Sunday, 25 March 2012

Concentration is the key

by George Chapman

Behold, my favourite equation. This mathematical model is crucial to the operation, at any given second within our lives, of our most fascinating organ- the brain.

It is, however, an artwork in its own right.

Portrayed in chiaroscuro that even a film noir cinematographer would envy, a beautiful symmetry is established by the vinculum on the right hand side of the equation. The division of one summation by another similar summation succeeds in creating a mirror image, as it were.

In essence, the equation is used to determine the equilibrium potential across the plasma membrane of a neurone (or nerve cell), considering all monovalent ions to which the membrane is permeable- potassium, sodium and calcium. Amazingly, such a concept can be summarised by the ordered succession of symbols with which we are all familiar- the Western alphabet. Oh, the power of language indeed.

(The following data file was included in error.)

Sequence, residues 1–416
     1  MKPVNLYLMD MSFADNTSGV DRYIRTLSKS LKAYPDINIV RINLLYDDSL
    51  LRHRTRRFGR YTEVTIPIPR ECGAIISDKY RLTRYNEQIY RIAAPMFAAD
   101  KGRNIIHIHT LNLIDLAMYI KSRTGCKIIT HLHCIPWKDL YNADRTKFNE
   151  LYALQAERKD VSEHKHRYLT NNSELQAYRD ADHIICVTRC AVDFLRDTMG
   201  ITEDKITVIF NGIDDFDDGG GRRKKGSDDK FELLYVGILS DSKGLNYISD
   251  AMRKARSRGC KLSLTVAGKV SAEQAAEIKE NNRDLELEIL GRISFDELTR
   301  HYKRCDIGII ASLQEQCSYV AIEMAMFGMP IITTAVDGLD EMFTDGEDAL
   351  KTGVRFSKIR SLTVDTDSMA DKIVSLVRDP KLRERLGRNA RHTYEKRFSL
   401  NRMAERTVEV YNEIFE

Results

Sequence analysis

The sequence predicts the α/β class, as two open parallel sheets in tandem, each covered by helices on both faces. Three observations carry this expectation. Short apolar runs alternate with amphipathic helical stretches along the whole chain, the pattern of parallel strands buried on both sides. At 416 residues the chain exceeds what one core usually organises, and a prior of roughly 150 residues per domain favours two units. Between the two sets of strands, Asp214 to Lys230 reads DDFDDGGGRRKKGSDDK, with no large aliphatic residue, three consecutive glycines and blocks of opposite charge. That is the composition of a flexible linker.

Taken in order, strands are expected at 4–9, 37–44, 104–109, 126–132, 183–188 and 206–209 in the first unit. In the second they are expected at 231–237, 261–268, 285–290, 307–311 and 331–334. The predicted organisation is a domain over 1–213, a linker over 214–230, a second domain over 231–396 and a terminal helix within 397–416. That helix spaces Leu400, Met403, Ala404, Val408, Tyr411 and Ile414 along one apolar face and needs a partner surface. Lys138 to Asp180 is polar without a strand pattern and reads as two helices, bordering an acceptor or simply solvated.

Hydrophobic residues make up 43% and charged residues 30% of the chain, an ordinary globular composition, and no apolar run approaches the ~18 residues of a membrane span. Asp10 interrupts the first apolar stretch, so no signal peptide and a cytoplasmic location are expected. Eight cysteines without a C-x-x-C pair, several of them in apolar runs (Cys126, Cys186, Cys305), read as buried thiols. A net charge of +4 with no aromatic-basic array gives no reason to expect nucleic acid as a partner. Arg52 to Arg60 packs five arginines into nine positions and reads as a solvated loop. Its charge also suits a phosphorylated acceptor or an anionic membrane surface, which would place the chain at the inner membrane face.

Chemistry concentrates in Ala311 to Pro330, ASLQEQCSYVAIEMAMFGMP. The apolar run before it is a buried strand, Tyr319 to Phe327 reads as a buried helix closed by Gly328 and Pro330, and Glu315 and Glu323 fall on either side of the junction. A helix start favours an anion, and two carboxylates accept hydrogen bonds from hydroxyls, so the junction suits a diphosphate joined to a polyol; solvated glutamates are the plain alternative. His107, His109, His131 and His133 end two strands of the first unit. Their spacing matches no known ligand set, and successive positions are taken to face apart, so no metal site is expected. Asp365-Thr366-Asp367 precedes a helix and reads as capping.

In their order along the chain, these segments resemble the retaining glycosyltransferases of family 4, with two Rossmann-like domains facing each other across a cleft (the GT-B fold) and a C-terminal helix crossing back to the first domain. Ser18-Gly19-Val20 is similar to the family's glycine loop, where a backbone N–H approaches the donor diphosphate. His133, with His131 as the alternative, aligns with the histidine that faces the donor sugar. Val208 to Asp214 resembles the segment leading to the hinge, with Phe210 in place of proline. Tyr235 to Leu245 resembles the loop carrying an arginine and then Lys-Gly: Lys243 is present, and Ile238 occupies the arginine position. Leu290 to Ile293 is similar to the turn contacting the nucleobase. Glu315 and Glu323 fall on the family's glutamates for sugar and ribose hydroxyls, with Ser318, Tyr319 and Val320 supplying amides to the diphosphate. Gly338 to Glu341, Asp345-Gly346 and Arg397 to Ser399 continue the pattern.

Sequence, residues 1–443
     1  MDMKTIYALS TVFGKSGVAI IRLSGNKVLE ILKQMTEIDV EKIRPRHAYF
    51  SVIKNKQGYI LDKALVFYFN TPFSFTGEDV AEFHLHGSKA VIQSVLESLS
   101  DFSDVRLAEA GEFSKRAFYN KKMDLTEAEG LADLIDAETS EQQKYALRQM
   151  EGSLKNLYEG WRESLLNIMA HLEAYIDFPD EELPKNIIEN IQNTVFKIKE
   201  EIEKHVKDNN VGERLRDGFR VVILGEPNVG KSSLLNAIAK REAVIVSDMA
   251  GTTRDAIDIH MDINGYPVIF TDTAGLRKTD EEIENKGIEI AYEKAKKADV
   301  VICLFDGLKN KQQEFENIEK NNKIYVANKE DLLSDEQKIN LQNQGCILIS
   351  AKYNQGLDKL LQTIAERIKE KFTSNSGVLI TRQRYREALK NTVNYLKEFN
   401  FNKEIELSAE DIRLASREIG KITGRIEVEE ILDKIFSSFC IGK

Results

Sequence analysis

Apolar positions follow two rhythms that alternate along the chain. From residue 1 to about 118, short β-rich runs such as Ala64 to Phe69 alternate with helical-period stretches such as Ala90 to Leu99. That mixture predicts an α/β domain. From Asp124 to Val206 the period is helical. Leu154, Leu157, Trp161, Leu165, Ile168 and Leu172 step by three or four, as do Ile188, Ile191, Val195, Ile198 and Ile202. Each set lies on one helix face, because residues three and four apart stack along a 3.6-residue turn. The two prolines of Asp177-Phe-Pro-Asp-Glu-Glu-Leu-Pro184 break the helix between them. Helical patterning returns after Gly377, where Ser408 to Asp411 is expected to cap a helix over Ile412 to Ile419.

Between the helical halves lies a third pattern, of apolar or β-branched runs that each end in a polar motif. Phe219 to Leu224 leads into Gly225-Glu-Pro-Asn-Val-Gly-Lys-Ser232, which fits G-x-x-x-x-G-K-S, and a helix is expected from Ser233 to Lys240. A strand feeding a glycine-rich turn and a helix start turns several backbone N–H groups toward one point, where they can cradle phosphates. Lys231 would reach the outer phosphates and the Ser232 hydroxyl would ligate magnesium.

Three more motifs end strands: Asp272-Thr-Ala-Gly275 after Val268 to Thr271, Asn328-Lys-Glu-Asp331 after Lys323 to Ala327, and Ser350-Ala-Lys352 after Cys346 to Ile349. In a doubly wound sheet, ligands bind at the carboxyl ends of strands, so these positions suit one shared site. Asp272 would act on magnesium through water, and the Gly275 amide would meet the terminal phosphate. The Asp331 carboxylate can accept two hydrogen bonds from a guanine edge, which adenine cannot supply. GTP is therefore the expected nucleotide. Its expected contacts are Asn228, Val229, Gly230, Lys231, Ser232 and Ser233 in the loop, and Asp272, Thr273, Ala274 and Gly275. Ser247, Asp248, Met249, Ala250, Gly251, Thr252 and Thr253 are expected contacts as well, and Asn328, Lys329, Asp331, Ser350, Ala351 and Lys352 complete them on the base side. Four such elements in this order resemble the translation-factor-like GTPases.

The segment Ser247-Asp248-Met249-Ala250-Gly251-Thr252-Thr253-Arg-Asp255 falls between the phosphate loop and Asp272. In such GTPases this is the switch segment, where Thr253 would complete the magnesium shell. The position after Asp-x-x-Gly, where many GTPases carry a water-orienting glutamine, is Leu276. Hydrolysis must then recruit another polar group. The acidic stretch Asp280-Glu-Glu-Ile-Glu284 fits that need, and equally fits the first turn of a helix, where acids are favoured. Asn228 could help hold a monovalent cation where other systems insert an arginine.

However, my fondness for this equation lies primarily in its encapsulation of a neurophysiological fundamental in its entirety, not to mention its representation of a biochemical mechanism required for life. All of a sudden, this 50-odd character expression appears rather succinct and economical.

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